Columbus--The October 20 meeting of the Community Relations Commission, the body that oversees civil rights in the city, saw conflict between two lesbian and gay members and the commission chair over the addition of transgendered people to the city�s nondiscrimination ordinances.
Brian Shinn and Chris Cozad, two commission members, want gender identity added to the classes in the civil rights code, while commission chair Bob Short, whose term ends in January, refused to allow the issue to be brought up in the meeting.
The commission is working on the first major and complete overhaul of Columbus� civil rights code since 1993. Racial profiling was added in the late 1990s, but this is the first top-to-bottom revamp in 12 years.
�What he did, I consider it problematic parliamentarily,� said Cozad. However, �I consider it a bump in the road, not a crisis.�
She pointed out that the new ordinance is currently being written by the city attorney�s office, and that two previous votes in the commission had suggested including gender identity.
�I think it�s unfortunate that he chose to do it in this particular way,� she said of Short�s dismissal of the issue.
�It�s not going away,� Shinn said. �I�m not sure of the context, whether this will come up for a vote in the Community Relations Commission again or be added later.�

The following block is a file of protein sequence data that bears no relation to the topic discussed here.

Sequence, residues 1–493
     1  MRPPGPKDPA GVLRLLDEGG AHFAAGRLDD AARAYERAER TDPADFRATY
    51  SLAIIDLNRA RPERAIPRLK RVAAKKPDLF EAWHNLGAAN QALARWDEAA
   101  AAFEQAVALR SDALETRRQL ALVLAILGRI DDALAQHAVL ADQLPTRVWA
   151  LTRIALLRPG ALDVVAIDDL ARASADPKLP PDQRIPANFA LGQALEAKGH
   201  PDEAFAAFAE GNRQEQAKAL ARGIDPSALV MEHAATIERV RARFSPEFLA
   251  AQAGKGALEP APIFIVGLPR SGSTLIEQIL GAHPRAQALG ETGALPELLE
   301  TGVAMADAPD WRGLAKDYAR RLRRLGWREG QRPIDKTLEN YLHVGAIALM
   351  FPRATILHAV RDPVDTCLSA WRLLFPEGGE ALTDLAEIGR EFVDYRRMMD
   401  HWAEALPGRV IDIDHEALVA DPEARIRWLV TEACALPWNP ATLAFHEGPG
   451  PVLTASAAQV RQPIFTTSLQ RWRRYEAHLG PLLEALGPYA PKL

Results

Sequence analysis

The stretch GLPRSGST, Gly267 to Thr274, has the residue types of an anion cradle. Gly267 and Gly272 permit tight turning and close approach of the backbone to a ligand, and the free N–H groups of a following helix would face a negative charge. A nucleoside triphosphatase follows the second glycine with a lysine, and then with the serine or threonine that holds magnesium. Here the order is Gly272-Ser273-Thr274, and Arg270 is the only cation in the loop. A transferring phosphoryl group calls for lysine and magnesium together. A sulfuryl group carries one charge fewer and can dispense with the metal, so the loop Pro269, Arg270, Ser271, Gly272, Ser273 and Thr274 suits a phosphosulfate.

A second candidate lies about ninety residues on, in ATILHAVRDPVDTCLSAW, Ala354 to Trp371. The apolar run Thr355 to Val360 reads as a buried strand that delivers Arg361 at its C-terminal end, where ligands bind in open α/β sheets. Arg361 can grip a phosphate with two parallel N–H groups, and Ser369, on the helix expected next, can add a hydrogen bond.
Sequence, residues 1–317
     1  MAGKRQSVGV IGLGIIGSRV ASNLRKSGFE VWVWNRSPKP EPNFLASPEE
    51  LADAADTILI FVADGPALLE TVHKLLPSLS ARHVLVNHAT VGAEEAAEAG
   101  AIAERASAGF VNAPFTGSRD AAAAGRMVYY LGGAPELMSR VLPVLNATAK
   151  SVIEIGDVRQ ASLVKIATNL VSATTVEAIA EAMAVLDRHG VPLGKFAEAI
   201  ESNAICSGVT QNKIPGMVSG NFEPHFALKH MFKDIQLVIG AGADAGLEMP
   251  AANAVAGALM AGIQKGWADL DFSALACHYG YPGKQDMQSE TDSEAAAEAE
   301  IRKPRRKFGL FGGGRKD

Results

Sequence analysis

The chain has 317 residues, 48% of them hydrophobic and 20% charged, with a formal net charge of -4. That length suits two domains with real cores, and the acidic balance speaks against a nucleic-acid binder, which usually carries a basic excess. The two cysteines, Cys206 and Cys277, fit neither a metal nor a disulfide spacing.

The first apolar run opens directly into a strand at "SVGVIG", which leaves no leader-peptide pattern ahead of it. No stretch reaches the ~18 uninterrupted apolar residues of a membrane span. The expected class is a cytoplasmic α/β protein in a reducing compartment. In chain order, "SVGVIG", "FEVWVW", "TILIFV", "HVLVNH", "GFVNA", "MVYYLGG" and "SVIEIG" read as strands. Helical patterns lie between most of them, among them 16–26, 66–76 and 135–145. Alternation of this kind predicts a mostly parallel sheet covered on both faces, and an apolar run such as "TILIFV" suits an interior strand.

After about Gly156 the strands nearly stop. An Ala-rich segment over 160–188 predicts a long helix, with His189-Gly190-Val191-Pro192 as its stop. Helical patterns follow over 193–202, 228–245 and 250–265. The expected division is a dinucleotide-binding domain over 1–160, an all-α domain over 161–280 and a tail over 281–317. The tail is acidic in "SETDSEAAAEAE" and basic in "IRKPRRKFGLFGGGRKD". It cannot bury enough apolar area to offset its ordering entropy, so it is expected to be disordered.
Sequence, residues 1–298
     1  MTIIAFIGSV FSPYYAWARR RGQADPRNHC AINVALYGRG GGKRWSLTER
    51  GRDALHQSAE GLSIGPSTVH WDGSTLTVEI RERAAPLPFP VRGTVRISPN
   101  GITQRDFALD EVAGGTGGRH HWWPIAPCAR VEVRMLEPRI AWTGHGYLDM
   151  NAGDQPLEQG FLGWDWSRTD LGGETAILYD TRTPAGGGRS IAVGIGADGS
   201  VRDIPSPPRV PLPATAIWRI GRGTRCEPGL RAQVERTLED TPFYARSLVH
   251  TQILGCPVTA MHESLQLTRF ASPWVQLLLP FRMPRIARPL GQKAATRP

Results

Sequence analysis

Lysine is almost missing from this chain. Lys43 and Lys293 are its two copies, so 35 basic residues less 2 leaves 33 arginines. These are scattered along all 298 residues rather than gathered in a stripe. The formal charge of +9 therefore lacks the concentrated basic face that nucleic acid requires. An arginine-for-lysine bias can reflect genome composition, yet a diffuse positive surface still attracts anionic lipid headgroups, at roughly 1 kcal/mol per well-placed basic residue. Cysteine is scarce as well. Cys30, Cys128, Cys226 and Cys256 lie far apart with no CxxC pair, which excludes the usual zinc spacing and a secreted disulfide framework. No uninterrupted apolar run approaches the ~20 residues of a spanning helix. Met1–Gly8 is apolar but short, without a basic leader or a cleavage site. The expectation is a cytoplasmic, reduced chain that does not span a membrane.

He does believe, though, that as the city�s human rights arm, it is the �most appropriate venue.�
Shinn noted that the commission needs to see what the city attorney�s office releases before a definite plan can be made.
�I would leave it to the city attorney�s office to interpret under the commission�s rules what the content will be,� he said.
The commission�s next meeting will be on November 17, and their December meeting is usually replaced with a holiday get-together. If the city attorney�s office has not completed work on the revision within a week, the panel won�t be able to take it up again until after Short has left the commission in January.
�We�re looking at a lot of things,� Cozad added, �including adding civil penalties, age and disability.�
Currently, said Cozad, the city�s civil rights code, which includes sexual orientation, only has criminal penalties for discrimination in housing, employment and other provision of goods and services.
The commission investigates claims of discrimination. Short argued that the commission didn�t have the resources to also examine claims made on the basis of gender identity and that the proper venue for adding the class was in city council.
However, Mary Jo Hudson, who retained her seat on council in this week�s election, wants to see it come through the proper channels, in this case commission recommendations via the mayor�s office.
�I�m hopeful that the mayor will pick it up,� she said. �My understanding indicated that he will take it up. I�m hoping it comes from the mayor because then it will have some immediate broad-based support.�
The commission sends its recommendations to the mayor�s office, which then takes them to the city council. Hudson, Columbus� first openly lesbian council member, believes if Mayor Michael Coleman brings the matter up, it will send a strong message to the city council.
Cozad is optimistic that transgendered people will be protected in the state capital.
�There�s a fair amount of support for it,� she noted.
Presently, among the 11 Ohio cities that include sexual orientation in their equal rights ordinances, only Toledo also includes gender identity.
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